Part of what make the Keys so special are its unique and well preserved eco system. Often known as “sea cows”, the number of large, lumbering manatees in our seas has dwindled significantly during recent years. Yet, families of manatees regularly visit the shallow waters around Casa Morada. A sure sign of how healthy the environment is around Islamorada, this also affirms the privileged spot Casa Morada occupies in terms of appreciating the natural world.
It would be a shame to visit the Keys and not take to the water. Casa Morada offers a number of different excursions led by local marine environmentalist Captain Bill. A veritable font of local knowledge, his two-hour island tour takes in the Florida Keys National Marine Sanctuary, which extends from south of Miami westward to encompass the Dry Tortugas. Awash with coral reefs, shipwrecks, seagrass beds, wet lands and mangrove forests, the sanctuary is well worth visiting. (https://floridakeys.noaa.gov)
For the more hedonistic, a water borne bar-hopping trip can be a lot of fun, especially for a group of friends. Taking-in a variety of watering holes, once anchor is dropped at Islamorada Sandbar, what begins as a few drinks often turns into an impromptu party, particularly on the weekends. It doesn’t get more Keys than being on the water with friends, socialising with other boaters and bathing in sunshine surrounded by clear blue seas.
For the active but less intrepid, Casa Morada offers complimentary kayaks and paddle boards which are an excellent way to explore the coastline whilst getting a bit of exercise.
Yoga is a way of life for millions of people around the world. At Casa Morada, residents can unwind three mornings per week to a backdrop of calming ocean sounds, without charge. Private sessions are also arranged.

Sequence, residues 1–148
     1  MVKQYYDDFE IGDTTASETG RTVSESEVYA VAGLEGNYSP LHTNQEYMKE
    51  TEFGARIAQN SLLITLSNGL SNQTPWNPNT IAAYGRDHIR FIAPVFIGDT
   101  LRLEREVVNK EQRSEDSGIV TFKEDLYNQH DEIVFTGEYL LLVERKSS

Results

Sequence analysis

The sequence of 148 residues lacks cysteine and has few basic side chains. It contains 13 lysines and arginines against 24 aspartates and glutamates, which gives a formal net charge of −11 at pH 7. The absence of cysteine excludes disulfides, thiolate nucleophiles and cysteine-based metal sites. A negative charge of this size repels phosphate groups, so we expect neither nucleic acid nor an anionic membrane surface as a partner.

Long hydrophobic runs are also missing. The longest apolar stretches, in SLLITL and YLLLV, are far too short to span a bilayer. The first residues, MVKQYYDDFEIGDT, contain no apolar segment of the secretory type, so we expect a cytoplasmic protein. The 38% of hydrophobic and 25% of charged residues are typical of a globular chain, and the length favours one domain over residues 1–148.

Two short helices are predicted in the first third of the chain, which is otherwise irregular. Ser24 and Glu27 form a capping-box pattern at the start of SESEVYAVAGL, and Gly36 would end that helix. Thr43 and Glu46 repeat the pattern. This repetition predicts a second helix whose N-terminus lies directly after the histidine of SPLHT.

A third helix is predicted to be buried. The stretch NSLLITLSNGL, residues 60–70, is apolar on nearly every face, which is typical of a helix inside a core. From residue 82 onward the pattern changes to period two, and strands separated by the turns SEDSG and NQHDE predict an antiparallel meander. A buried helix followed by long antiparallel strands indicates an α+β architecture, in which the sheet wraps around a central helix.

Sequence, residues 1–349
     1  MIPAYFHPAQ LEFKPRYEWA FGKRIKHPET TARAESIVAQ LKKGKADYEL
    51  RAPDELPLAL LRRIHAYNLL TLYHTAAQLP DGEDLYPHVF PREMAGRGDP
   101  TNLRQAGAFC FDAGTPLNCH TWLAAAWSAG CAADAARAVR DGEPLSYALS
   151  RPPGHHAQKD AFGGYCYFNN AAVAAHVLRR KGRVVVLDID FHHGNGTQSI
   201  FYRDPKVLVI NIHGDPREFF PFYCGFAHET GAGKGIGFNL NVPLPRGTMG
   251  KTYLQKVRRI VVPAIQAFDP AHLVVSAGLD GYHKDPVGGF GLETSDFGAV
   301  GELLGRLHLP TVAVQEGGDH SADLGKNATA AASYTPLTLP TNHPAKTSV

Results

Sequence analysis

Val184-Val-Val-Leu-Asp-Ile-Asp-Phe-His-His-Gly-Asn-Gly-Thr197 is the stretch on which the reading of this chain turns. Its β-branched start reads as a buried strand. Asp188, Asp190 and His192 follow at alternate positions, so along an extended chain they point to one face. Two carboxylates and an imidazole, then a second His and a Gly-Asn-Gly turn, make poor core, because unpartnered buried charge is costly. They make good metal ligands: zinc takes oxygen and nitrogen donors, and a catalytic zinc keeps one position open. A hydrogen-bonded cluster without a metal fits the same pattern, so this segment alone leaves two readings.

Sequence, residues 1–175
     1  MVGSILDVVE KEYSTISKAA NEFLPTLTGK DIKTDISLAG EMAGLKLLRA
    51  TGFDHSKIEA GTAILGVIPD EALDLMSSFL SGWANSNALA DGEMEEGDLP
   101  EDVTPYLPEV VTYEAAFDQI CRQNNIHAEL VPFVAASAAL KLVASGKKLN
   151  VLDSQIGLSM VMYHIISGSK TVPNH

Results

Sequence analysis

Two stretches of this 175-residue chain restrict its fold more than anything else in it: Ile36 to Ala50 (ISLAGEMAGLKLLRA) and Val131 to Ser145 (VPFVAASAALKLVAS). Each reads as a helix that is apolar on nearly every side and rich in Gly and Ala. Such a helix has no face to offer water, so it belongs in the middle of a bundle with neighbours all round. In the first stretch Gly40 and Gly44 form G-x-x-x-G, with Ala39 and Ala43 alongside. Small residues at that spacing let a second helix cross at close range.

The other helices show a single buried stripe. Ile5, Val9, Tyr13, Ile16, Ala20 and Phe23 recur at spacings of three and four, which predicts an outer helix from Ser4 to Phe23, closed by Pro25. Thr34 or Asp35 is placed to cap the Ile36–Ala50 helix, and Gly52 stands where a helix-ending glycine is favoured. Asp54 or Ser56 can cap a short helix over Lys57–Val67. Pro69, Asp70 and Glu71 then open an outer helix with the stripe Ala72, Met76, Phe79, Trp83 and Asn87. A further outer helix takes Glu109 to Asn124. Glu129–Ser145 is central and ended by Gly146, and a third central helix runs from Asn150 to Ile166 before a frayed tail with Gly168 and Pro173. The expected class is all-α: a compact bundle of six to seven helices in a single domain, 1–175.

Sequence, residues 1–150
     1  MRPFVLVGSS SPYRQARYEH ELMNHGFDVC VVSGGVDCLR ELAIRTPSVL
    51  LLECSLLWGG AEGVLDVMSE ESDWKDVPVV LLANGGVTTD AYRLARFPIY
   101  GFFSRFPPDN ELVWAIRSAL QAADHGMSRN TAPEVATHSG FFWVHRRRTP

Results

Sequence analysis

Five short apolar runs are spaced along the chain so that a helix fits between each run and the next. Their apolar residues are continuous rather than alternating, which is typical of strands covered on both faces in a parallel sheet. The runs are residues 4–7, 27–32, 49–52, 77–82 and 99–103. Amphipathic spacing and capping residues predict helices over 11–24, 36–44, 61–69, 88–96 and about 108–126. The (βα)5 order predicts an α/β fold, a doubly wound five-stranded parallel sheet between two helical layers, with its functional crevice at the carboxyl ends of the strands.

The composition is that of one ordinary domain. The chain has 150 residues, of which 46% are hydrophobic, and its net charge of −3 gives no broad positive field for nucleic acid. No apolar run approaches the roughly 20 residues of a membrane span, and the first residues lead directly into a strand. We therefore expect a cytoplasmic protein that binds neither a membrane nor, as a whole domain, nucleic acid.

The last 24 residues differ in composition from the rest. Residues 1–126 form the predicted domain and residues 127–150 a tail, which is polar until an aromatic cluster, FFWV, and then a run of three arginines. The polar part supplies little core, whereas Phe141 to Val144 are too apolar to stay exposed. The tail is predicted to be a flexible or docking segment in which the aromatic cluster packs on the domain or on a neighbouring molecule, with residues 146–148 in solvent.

If it all sounds like paradise, it pretty much is. However, Casa Morada does not have a restaurant, so whilst breakfast is served onsite every morning, guests need to leave the property for all other meals, providing visitors with an excuse to explore.
Just a few miles from the hotel is cutesy Village Square. This quaint, shopping enclave, spread between a collection of candy-coloured plantation-style buildings, features an eclectic mix of unique and individually-owned boutiques, including an art gallery and some good, simple food options (www.villagesquareislamorada.com). Bad Boy Burrito serves authentic Mexican fare made using local, organic produce (www.badboyburritoislamorada.com), while charming Café Moka is perfect for lunch.
For a contemporary interpretation of a classic Floridian seafood restaurant, head to the Square Grouper at Islamorada Marina. Try to grab a table on the deck out back, overlooking the boats, and feast on the freshest catches of the day plus perennial favourites including conch chowder. (www.squaregrouperislamorada.com)
Just off the Overseas Highway, Chef Michael’s is a more upscale restaurant serving seafood, “dock to dish fish” and New American entrées in a slick, island-styled environment. Its Sunday Brunch (served ‘til 2pm) is also very good, with Mimosas just USD 8 a pop! (www.foodtotalkabout.com)
Of course, one cannot talk about eating in the Florida Keys without mentioning one of its most famous exports: Key Lime Pie. Locals are protective and particular about their Key lime pie. The original Conch version is essentially made using yellow Key limes, egg yolks, condensed milk, cream, butter and sugar, plus egg whites for the meringue topping. In Islamorada, Bayside Gourmet is undoubtedly one of the best places to sample this delicious local delicacy. (www.baysidegourmet.com)
Whilst sunsets in the Keys are legendary, when observed from Casa Morada’s bar they are nothing short of spectacular, complete with chess, checkers and backgammon tables set-up on the deck just in case you fancy indulging in a little board play as day turns to night. A pair of swing seats offer the perfect vantage point to watch the world go by – or at least the birds, boats and gently lapping waves – as blue skies erupt into shades of orange, gold and even purple.
It seems only fitting that since Jimmy Buffet’s famous 1977 song “Margaritaville” was originally written in the Florida Keys, one should sip a margarita as the sun goes down. Quite honestly, one doesn’t really grasp what it is to be in a truly footloose and fancy-free state of mind until experiencing a gorgeous Florida Keys sunset with a sundowner in one’s hand, and few places are better than Casa Morada on Islamorada to get with the program. (www.casamorada.com)